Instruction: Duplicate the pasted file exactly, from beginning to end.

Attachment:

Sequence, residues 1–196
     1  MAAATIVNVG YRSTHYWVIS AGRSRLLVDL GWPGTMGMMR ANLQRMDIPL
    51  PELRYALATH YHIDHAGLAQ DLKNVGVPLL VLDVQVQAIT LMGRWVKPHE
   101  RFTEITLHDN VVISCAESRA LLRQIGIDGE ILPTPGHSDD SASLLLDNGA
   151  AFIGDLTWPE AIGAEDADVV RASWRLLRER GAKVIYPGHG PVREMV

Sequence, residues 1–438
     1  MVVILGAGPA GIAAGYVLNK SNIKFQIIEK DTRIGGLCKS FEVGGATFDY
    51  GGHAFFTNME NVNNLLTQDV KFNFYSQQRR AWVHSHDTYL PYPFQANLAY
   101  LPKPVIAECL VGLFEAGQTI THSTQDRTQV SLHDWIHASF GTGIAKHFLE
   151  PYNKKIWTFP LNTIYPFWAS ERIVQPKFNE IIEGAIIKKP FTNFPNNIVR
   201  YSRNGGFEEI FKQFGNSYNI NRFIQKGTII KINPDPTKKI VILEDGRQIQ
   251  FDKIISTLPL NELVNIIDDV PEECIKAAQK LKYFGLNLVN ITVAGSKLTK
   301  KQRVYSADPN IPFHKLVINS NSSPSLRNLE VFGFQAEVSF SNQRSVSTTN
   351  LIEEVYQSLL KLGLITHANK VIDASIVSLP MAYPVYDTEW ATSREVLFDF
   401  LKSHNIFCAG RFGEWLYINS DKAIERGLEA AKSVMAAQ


Sequence, residues 1–196
     1  MAAATIVNVG YRSTHYWVIS AGRSRLLVDL GWPGTMGMMR ANLQRMDIPL
    51  PELRYALATH YHIDHAGLAQ DLKNVGVPLL VLDVQVQAIT LMGRWVKPHE
   101  RFTEITLHDN VVISCAESRA LLRQIGIDGE ILPTPGHSDD SASLLLDNGA
   151  AFIGDLTWPE AIGAEDADVV RASWRLLRER GAKVIYPGHG PVREMV

Sequence, residues 1–438
     1  MVVILGAGPA GIAAGYVLNK SNIKFQIIEK DTRIGGLCKS FEVGGATFDY
    51  GGHAFFTNME NVNNLLTQDV KFNFYSQQRR AWVHSHDTYL PYPFQANLAY
   101  LPKPVIAECL VGLFEAGQTI THSTQDRTQV SLHDWIHASF GTGIAKHFLE
   151  PYNKKIWTFP LNTIYPFWAS ERIVQPKFNE IIEGAIIKKP FTNFPNNIVR
   201  YSRNGGFEEI FKQFGNSYNI NRFIQKGTII KINPDPTKKI VILEDGRQIQ
   251  FDKIISTLPL NELVNIIDDV PEECIKAAQK LKYFGLNLVN ITVAGSKLTK
   301  KQRVYSADPN IPFHKLVINS NSSPSLRNLE VFGFQAEVSF SNQRSVSTTN
   351  LIEEVYQSLL KLGLITHANK VIDASIVSLP MAYPVYDTEW ATSREVLFDF
   401  LKSHNIFCAG RFGEWLYINS DKAIERGLEA AKSVMAAQ